Ballet drama disappoints; espionage series laughably bad
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Hey there, time traveller!
This article was published 07/11/2015 (2578 days ago), so information in it may no longer be current.
On the surface, there doesn’t seem to be much in common between international espionage and elite ballet dancing.
As it turns out, however, they do share this: they’re both subjects that can be handled in a ham-fisted manner by the producers of TV drama series.
The potential for such high-level hackery is on full display in a couple of new series premièring this week — Flesh and Bone, a ballet-themed soap opera that gets the steps and leaps right but the subtleties all wrong, and Agent X, a Bond-clone spy adventure that’s so ridiculously bad it occasionally becomes hilarious.
Flesh and Bone, which arrives Sunday at 8 p.m. on Super Channel, is produced for U.S. cable’s Starz network (home of Spartacus, DaVinci’s Demons and Black Sails), meaning it has plenty of latitude when it comes to overheated emotions and gratuitous nudity. Its artsy premise involves a young woman named Claire Robbins (played by Sarah Hay), who escapes what appears to be a violently abusive home life in Pittsburgh and flees to New York, where she intends to try out for the prestigious American Ballet Company.
Fortunately, her run for freedom coincides with the company’s annual preseason auditions, so Claire shows up in the Big Apple just in time to strap on her pointe shoes along with dozens of other would-be professional dancers hoping to grab one of the few open spots in the troupe.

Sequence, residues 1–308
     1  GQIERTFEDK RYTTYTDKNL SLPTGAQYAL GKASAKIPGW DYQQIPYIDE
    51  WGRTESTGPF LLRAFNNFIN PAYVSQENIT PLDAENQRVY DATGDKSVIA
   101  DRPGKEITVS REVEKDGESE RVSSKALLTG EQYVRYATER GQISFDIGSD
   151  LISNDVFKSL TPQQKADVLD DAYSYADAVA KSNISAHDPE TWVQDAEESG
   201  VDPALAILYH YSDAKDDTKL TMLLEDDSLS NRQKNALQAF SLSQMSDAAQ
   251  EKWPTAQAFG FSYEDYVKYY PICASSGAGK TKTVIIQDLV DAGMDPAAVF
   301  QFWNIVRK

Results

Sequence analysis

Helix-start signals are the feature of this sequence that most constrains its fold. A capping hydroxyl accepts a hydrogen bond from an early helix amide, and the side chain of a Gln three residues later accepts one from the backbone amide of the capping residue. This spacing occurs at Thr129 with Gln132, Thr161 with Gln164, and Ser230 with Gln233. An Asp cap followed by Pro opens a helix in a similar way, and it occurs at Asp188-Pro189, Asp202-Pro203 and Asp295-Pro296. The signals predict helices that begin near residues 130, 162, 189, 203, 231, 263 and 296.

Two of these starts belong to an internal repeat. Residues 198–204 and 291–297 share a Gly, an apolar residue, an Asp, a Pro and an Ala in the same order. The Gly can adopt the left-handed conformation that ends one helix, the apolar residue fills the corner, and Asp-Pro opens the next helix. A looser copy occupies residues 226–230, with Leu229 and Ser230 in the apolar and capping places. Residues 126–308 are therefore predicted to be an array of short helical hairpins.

Despite being withdrawn, wordless and seemingly resigned to a place far in the background, Claire somehow catches the eye of the flamboyant, demanding artistic director, Paul Grayson (Ben Daniels), and makes it through to the final stage of tryouts.
She’s offered temporary lodging with one of the troupe’s dancers, and arrives at the apartment just in time to interrupt a bit of sexual writhing that has no real plot-advancement purpose but assures that the Flesh part of the title keeps it in line with the Starz ethos.
On Day 2 of the audition, Claire’s cellphone rings during a particularly intense part of the session, prompting Paul to banish her from the room, wondering aloud why he kept such a trashy bumpkin around in the first place. But just as she’s about to slink tearfully from the studio, Paul decides to up the ante, forcing her to embarrass herself by performing a difficult dance sequence, solo, in front of the group.
Rather than compounding her shame, the exercise elevates Claire — she nails it, and Paul, gobsmacked, realizes he might have a once-in-a-generation star on his hands, his to mould and shape and groom to his every creative whim. To say it’s a predictable turn of events is an understatement of prima proportions.
And it’s far from the only tired idea trotted out between Flesh and Bone’s considerable and impressive dance sequences: there’s also a top ballerina with a huge ego and an even bigger drug problem; a new-bestie dancer pal for Claire who introduces her to a way to turn her ballet talents into extra income (yes, that’s right, it’s a strip club!); and a female second-in-command to the artistic director who’s Russian, evil and constantly carries a tiny white dog.